Fellow Irish singer Sinead O'Connor lends her voice on 'Between the Mountain' but is mindful not to overpower Bloom's mellifluous, gentle tenor with the unmistakable yearning strains that dominate her own albums. O'Connor and Bloom sing octaves on the choruses of 'Moonslide' and 'Love Is a Place I Dream Of', but on 'Soshin', O'Connor treats her voice as the truly original instrument it is, proffering a winding, humming countermelody. 'Soshin', a character study of an Irish girl, is careful not to sketch her too distinctly. The result is a poetic, flickering image of a girl that complements the elusive, minor guitar strums that turn major for the chorus: "Everybody I tell wants to know you / Soshin".

The somber tone of 'Between the Mountain and the Moon' wears thin when it trades its Irish lilt for deathly seriousness. The long, quiet chords of 'Gabriel' lend the song more weight than the lyrics can support. 'Hands of a Farmer' falls into the same trap, though the song is recovered by its more grounded melody and keening flute.

As a whole, the album is redeemed by its generosity; Bloom's songwriting is bare and honest, despite the sometimes lush instrumentation.... Luka Bloom is an artist destined never to reach a widespread audience in America, where people are listening hard for the smirk in a song. It's a shame. But those who do pick up 'Between the Mountain and the Moon' can expect to be let in on a wonderful secret.

Suzannah Evans Cavalier Daily Associate Editor in association with Irish Tatler - February 2002

Luka Bloom: Between The Mountain And The Moon
(Cog Communication)

Luka Bloom is the chosen nom de plume of Barry Moore, younger brother of Ireland's acclaimed folk legend Christy Moore. There's little similarity other than a certain tonal hint - Bloom's songwriting is more informed by US and UK contemporary folk idioms than Irish. This is his first release under his own steam, and by and large it's an exemplary collection. Let down solely by the sheer ordinariness of Rainbow Day, the rest of the album is enhanced by strong production, some excellent, considered lyrics and Bloom's clear-as-a-bell voice. Recommended.

Tony Clayton-Lea

Celtic Connection - Denver, Colorado - February 2002

Luka Bloom - Between The Mountain And The Moon
Bar-None Records

The brilliant blue sky accented by multicolored prayer flags on the CD sleeve could be an apt metaphor for both the diversity of the musical contents and the subtle spirituality within Luka Bloom's latest release, "Between the Mountain and the Moon".

A native son of Kildare, Bloom released this CD on St. Brigid's day (February 1) in both Ireland and the U.S. No doubt Luka had that in mind when he set the release date, as he has always been active in the Feile Bride (St. Bridget Festival) held in Kildare town for the last 10 years. With the patron saint of Kildare on your side, how could you go wrong!! more

Cindy Reich

HotPress Magazine - 12 February 2002

Luka Bloom
Between The Mountain And The Moon

(Cog Records)

... His third independent release and follow-up to "Keeper Of The Flame", his well-received album of covers, "Between The Mountain And The Moon" is classic Bloom - a collection of strong songs, with no shortage of unexpected instrumental and lyrical twists.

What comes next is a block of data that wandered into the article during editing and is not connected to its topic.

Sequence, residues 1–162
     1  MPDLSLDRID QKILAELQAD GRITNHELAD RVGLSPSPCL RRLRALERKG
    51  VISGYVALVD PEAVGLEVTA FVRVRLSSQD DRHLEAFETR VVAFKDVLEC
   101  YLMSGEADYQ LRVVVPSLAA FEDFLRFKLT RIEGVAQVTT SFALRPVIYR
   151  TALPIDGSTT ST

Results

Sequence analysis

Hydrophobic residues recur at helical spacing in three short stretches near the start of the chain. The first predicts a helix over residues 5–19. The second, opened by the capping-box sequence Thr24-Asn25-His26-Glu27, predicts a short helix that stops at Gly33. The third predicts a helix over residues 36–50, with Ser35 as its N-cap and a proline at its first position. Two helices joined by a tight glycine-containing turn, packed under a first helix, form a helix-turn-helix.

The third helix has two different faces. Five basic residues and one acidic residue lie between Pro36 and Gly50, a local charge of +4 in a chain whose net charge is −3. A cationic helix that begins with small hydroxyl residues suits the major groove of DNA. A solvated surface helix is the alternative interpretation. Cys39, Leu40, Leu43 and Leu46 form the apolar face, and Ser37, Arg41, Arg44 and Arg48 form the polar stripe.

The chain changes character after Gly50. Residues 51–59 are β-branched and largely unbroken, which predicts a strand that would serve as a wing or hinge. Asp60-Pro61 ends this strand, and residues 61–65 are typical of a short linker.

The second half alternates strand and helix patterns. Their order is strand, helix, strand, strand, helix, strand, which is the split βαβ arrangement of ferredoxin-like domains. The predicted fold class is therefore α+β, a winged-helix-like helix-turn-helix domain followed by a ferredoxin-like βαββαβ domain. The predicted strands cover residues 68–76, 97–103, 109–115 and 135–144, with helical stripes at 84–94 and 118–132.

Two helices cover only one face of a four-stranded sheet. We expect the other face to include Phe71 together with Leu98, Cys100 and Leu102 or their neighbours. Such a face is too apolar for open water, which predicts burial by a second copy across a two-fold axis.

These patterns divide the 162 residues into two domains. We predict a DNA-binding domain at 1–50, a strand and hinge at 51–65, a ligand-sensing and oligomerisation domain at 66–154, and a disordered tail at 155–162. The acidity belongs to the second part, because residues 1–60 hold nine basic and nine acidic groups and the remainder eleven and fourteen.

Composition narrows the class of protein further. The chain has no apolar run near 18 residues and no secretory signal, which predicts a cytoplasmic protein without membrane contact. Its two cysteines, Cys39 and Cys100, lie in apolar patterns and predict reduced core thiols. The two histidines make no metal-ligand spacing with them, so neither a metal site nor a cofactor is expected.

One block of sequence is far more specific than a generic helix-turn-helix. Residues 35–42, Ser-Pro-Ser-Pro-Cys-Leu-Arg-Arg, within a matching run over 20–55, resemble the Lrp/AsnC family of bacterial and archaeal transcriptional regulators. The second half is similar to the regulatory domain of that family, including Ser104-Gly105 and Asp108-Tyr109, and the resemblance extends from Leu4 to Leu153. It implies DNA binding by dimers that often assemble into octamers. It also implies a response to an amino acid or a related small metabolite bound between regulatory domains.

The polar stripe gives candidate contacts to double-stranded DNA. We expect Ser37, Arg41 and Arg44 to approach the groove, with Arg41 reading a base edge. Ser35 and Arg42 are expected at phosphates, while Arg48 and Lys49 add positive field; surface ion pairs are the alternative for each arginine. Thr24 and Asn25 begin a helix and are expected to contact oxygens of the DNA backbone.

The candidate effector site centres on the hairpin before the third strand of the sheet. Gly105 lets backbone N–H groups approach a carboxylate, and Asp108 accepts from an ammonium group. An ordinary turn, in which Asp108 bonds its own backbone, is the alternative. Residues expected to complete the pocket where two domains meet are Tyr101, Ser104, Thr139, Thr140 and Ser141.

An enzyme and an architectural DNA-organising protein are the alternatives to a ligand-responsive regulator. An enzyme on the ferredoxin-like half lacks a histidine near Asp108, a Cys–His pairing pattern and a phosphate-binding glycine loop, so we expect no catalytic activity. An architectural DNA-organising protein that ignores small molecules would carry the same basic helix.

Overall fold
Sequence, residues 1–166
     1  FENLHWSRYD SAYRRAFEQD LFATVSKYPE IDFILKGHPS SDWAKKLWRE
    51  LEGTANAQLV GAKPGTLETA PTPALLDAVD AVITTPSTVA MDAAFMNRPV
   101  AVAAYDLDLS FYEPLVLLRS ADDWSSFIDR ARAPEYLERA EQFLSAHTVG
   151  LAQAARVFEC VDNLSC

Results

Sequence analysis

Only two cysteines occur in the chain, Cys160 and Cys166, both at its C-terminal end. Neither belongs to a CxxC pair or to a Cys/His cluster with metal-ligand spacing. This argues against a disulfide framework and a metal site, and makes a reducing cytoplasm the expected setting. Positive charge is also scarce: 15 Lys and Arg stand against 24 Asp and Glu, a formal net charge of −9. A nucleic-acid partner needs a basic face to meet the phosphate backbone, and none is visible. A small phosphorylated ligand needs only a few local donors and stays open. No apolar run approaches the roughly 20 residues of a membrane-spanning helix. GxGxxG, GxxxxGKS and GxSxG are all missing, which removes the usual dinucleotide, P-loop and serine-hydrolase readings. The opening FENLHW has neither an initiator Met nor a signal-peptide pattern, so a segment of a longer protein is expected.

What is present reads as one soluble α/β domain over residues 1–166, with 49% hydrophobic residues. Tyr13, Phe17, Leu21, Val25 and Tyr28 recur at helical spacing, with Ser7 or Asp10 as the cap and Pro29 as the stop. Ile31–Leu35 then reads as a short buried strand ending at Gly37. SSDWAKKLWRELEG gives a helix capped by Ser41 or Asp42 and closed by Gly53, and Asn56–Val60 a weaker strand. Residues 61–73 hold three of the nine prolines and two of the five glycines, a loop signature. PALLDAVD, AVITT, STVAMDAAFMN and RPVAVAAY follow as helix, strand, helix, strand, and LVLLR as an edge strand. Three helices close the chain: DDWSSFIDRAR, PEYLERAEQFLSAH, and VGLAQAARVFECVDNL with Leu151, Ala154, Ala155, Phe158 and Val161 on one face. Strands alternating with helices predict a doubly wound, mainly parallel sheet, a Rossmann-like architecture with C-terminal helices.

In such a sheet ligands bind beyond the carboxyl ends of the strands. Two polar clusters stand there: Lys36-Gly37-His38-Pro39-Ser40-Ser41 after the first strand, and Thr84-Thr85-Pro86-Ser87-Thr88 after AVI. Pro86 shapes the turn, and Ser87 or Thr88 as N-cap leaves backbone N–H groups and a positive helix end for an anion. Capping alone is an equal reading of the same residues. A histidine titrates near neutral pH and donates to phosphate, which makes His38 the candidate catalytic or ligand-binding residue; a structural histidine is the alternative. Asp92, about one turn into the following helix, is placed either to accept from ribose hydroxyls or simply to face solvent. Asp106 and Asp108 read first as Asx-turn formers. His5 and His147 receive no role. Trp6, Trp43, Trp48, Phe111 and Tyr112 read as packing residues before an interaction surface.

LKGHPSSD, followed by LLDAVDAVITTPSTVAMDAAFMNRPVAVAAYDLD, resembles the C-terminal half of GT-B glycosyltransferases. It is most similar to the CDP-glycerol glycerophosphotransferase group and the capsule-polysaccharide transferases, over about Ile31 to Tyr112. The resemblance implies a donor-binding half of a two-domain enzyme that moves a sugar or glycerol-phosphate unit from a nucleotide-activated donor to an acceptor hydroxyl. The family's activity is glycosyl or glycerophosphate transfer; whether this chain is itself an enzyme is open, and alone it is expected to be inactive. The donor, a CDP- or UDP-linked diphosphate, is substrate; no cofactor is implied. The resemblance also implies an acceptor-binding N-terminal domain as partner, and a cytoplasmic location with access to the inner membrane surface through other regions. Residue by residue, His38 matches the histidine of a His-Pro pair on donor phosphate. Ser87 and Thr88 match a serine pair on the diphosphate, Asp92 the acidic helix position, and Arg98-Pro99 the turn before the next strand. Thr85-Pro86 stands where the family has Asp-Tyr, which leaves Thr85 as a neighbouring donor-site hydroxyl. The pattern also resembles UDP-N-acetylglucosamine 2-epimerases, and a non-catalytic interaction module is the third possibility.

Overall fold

Opening on a relatively subdued note with the gentle, spoken-word, "Monsoon", it's clear that he's in a completitive, introspective mood, the Middle Eastern rhythms lending it a strange mystical quality..... More straightforward love songs such as the soaring "Here & Now" and the gorgeous "Love Is A Place I Dream Of" find him on more familiar territory..... If there is a theme running through the album it's one of return to the land, spiritually as well as physically with wild, rough landscapes and heavy weather predominating lyrically. "Hands Of A Farmer" is dedicated to traditional legend Micho Russell while "I'm A Bogman" which could be construed as a comical throwaway is, on the contrary, a deadly serious affirmation of Bloom's true roots in "the precious wetlands... where the heather and the moss grows."

Other highlights on this exquisitely produced album include "Moonslide", "As I Waved Goodbye" and the autobiographical "Rainbow Day". Arguably, his most fully realised collection of original songs yet.

Colm O'Hare

Los Angeles Times - Sunday, February 17, 2002

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Luka Bloom - 'Between the Mountain and the Moon'


Although the Irish singer-songwriter's sixth album is often as subdued as it is sensual - most of the songs don't have drums - this might be the one to give him a David Gray-like shot at belated mainstream attention. His mix of humid romance (Monsoon), tributes to fortitude and dedication (Love Is a Place I Dream Of, a duet with Sinead O'Connor, honors a Dublin woman who works with homeless children) and music informed by both his cultural roots and a global perspective is a seductive package.

Steve Hochman

Chicago Sun-Times - Sunday, February 24, 2002

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Luka Bloom - Between the Mountain and the Moon


Irish singer-songwriter Luka Bloom's sixth release is a polished collection of thoughtful, evocative songs delivered in a variety of subdued styles. While he often writes of love's sometime tempestuous state, other songs recall a time when thoughtful songwriters were expected to deliver a message.